disable/enable a button depending on textbox in xaml

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I have a TextBox

<TextBox x:Name="searchTextBox" Width="200" Height="30" HorizontalAlignment="Left"/>

and two Buttons

<Button x:Name="previous" Style="{StaticResource AppBarButtonStyle}" Tapped="OnOptionItemTapped" IsEnabled="False">
    <Image Source="/Assets/images/left_arrow.png"/>
    <Button x:Name="next" Style="{StaticResource AppBarButtonStyle}"  Tapped="OnOptionItemTapped" IsEnabled="False">
    <Image Source="/Assets/images/right_arrow.png"/>

Is there a simple solution to enable/disable the Buttons trough the TextBox?

Like for example if the TextBox is empty the Buttons are disabled. And if the TextBox is not empty the Buttons are enabled.

You could apply a text changed event that checks the input every time it changes.

<TextBox x:Name="searchTextBox" Width="200" Height="30" HorizontalAlignment="Left" TextChanged="TextBox_TextChanged" />

If the text is the way you need it, you can turn the button enabled/disabled.

public void TextBox_TextChanged(object sender, TextChangedEventArgs e)
    if (searchTextBox.Text == result)
        next.IsEnabled = false;

EDIT: Other than code behind like this approach you could learn about the MVVM design pattern. The other answers partly used practices common in MVVM.

There are various good tutorials for this all around the web.

How to make Button enabled/disabled depending on the TextBox , Keep button inactive until a TextBox has a value, using WPF. Sometimes we need to enable/disable controls based on a property of another  Sometimes we need to enable/disable controls based on a property of another control. Like if a textbox has some value, only then enable the button, else disable. In the example below, I have a textbox txtName and once the user enters something (as soon as) into the textbox, then enable the “Add Name” button. Way 1. Way 2.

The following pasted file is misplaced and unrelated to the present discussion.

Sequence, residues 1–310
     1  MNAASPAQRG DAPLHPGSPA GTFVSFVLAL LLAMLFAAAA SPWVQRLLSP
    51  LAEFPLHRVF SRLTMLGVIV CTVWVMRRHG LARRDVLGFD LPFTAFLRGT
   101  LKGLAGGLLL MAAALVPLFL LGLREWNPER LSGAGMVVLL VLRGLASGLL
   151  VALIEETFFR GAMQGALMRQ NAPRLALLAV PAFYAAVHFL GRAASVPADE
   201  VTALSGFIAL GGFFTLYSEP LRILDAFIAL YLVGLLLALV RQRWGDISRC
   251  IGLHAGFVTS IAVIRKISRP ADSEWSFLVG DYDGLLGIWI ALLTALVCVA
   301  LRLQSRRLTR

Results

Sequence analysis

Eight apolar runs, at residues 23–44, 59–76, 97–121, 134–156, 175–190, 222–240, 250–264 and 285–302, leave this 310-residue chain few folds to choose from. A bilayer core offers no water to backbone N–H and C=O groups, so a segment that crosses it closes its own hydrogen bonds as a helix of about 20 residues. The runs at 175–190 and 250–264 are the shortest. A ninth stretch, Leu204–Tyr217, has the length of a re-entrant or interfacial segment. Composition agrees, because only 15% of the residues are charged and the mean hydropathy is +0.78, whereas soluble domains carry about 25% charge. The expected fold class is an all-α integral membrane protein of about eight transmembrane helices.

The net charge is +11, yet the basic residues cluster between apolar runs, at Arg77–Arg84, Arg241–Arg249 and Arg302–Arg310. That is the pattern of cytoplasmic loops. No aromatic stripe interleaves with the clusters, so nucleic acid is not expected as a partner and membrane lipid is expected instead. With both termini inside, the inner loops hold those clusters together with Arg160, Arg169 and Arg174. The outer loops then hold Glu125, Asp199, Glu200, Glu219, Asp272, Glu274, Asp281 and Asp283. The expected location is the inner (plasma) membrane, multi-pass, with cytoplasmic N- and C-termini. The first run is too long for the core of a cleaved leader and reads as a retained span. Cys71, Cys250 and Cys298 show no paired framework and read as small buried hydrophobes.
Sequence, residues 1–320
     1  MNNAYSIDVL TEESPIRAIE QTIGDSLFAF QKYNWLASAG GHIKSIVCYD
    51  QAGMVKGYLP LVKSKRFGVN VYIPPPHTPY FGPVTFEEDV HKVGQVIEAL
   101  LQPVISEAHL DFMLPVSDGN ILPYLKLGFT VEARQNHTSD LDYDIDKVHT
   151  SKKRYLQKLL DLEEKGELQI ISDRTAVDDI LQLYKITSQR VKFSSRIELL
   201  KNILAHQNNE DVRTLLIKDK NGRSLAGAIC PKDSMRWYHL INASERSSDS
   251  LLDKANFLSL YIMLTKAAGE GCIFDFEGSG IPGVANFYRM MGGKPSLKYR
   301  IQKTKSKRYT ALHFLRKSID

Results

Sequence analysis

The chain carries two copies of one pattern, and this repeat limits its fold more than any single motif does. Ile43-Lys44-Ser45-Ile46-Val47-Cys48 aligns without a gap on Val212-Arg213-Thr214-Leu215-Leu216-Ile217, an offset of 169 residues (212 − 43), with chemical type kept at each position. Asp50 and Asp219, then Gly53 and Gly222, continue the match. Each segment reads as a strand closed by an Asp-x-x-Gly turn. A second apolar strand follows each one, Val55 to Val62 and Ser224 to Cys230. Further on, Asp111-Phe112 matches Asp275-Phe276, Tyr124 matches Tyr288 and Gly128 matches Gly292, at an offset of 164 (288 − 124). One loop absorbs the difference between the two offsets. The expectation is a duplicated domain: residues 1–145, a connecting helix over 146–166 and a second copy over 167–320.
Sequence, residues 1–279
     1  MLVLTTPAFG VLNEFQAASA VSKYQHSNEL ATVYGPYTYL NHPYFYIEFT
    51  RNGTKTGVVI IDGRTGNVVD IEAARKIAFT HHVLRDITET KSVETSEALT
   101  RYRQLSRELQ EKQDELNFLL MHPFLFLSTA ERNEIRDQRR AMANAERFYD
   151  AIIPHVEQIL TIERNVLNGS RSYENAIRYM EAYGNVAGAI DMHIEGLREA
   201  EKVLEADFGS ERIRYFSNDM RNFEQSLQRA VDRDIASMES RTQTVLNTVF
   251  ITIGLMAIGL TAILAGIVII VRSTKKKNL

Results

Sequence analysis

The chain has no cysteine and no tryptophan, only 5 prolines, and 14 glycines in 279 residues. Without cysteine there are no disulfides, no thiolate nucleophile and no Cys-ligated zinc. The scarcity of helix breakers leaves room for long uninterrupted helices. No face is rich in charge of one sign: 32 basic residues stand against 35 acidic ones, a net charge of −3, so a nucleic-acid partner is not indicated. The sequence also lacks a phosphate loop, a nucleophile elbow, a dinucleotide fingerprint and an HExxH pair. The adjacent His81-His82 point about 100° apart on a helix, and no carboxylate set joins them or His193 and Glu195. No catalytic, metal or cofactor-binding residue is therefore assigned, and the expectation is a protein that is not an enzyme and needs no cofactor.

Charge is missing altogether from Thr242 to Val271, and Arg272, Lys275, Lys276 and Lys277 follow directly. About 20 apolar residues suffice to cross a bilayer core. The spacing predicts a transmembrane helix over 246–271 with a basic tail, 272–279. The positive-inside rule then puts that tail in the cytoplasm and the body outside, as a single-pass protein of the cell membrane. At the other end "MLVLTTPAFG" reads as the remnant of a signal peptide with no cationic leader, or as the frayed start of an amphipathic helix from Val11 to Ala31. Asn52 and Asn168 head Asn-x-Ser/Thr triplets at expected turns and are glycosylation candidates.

How about using binding + converter? I guess this concept is valid for UWP as well.

E.g. you have a view model with property SearchText which is bound to the text in the TextBox. Then you can do the following:

    <local:StringToBoolConverter x:Key="StringToBoolConverter" />


<TextBox x:Name="searchTextBox" Width="200" Height="30" HorizontalAlignment="Left" Text="{Binding SearchText}"/>
<Button x:Name="previous" IsEnabled="{Binding SearchText, Converter={StaticResource StringToBoolConverter}}"/>

And the converter code would be quite simple:

public class StringToBoolConverter : IValueConverter
    public object Convert(object value, Type targetType, object parameter, CultureInfo culture)
        return !string.IsNullOrEmpty(value?.ToString());

    public object ConvertBack(object value, Type targetType, object parameter, CultureInfo culture)
        throw new NotImplementedException();

Another way to go is using Command pattern for the buttons. The ICommand interface has CanExecute method that will cantually disable or enable your buttons depending on the return value. See examples in the internet or here.

disable/enable a button depending on textbox in xaml, disable/enable a button depending on textbox in xaml. Multi tool Is there a simple solution to enable/disable the Buttons trough the TextBox? I was looking for code through google that enables and disables a button based on the text property from a textbox. If the textbox has some text then the button should be enabled or otherwise button should be disabled. I got some code but code in xaml but no c#. I am not being able to understand how it works.